Nicknaming our most beautiful parts is what creates the shame and embarrassment, because what you’re essentially doing, is saying: ‘Vaginas and penises are not to be spoken about.’
These body parts are to be celebrated and the more we encourage our children to love their genitals and explore them, the less likely they are to experience sexual trauma, whether it be abuse or accepting someone into them before they are physically ready.
This is where children need to be taught to respect their bodies and value their bodies.
Children need to understand the difference between the ugly side of sexuality – abuse – and the beautiful side of sexuality, an exchange that is nourishing and full of pleasure.
For most people the only education they get about sex is:
You have a penis, it goes in the hole and the deeper and faster you go, the better. Perhaps you get warned about the potential for having babies or the dangers of ending up crabs, but it’s not often we’re given any guidance on how to achieve deep pleasure.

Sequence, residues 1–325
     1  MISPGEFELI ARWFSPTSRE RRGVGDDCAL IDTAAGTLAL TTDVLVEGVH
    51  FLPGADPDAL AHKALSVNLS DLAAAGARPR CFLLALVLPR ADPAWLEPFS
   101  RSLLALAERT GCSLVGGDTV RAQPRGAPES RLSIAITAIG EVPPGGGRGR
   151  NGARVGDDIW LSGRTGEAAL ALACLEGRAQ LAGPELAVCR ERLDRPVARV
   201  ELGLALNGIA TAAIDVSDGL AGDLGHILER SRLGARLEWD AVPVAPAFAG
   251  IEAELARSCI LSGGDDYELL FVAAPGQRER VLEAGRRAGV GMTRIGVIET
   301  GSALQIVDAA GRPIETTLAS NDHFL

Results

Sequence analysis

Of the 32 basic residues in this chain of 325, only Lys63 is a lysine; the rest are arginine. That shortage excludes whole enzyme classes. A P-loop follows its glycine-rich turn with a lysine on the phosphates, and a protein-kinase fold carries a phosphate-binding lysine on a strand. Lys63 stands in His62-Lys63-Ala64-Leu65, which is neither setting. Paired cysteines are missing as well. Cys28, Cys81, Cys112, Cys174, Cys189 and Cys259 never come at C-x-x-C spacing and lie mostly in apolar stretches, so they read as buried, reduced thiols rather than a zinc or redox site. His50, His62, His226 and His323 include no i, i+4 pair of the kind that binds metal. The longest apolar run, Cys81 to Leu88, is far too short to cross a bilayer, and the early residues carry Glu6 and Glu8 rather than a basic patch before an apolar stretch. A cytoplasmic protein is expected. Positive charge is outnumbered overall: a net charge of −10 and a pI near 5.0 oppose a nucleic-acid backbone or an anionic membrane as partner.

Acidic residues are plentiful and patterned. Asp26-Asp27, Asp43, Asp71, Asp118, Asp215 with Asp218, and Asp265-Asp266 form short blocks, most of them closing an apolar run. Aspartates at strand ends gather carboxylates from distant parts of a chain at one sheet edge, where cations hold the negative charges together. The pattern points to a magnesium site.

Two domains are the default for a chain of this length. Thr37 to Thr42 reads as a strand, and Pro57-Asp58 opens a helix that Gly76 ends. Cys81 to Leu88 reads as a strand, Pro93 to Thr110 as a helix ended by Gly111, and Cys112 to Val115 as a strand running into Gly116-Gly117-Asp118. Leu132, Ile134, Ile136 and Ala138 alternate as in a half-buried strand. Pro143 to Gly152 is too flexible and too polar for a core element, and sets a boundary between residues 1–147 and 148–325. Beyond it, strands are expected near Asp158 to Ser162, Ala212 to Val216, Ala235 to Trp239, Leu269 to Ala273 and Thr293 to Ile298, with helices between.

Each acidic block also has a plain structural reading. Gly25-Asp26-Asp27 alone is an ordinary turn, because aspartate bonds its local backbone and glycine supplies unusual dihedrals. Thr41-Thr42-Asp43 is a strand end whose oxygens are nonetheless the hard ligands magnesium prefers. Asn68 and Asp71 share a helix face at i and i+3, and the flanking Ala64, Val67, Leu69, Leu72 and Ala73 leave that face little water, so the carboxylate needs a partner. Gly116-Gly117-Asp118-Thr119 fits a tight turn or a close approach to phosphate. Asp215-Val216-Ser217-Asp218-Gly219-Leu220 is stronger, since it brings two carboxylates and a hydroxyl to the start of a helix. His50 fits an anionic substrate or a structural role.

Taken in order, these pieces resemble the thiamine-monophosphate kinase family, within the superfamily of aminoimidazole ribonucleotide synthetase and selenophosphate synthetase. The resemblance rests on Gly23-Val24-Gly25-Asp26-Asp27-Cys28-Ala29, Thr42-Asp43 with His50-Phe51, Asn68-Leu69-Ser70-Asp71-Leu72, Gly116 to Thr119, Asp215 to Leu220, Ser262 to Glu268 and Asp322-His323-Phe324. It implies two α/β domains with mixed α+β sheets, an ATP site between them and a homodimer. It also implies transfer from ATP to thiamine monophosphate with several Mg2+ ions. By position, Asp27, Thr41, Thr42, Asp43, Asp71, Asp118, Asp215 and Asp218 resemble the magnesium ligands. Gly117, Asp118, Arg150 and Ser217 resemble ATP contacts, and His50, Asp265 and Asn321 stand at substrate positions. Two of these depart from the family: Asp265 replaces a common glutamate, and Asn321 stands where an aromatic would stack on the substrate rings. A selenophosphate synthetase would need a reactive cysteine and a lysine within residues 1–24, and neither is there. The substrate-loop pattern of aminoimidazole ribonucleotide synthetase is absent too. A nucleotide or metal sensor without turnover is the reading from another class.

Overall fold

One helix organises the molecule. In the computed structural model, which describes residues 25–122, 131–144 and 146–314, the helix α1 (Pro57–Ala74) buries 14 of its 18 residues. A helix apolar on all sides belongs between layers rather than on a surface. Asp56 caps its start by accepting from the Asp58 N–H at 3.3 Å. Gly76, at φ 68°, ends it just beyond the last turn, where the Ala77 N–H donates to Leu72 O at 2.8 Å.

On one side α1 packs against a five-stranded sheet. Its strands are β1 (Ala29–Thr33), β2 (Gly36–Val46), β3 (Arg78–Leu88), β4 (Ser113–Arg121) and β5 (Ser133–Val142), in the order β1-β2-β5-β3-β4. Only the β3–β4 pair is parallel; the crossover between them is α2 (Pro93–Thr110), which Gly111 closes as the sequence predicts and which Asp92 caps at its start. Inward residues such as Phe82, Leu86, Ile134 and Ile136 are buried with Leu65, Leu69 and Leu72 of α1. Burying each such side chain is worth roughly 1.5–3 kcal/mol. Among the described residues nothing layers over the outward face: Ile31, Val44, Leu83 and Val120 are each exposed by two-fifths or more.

Sexuality is about more than this body part going there.
We are human beings with human emotions and to deny sex as an emotional practice is to shut down who we truly are.
We need to teach our children that their heart partakes in a sexual experience, and how to deal with the emotions that are activated when we connect with someone on such an intimate level.
When a child has an understanding of a healthy sexual relationship, they are less likely to get themselves into situations that will cause trauma and could leave them pregnant or with disease.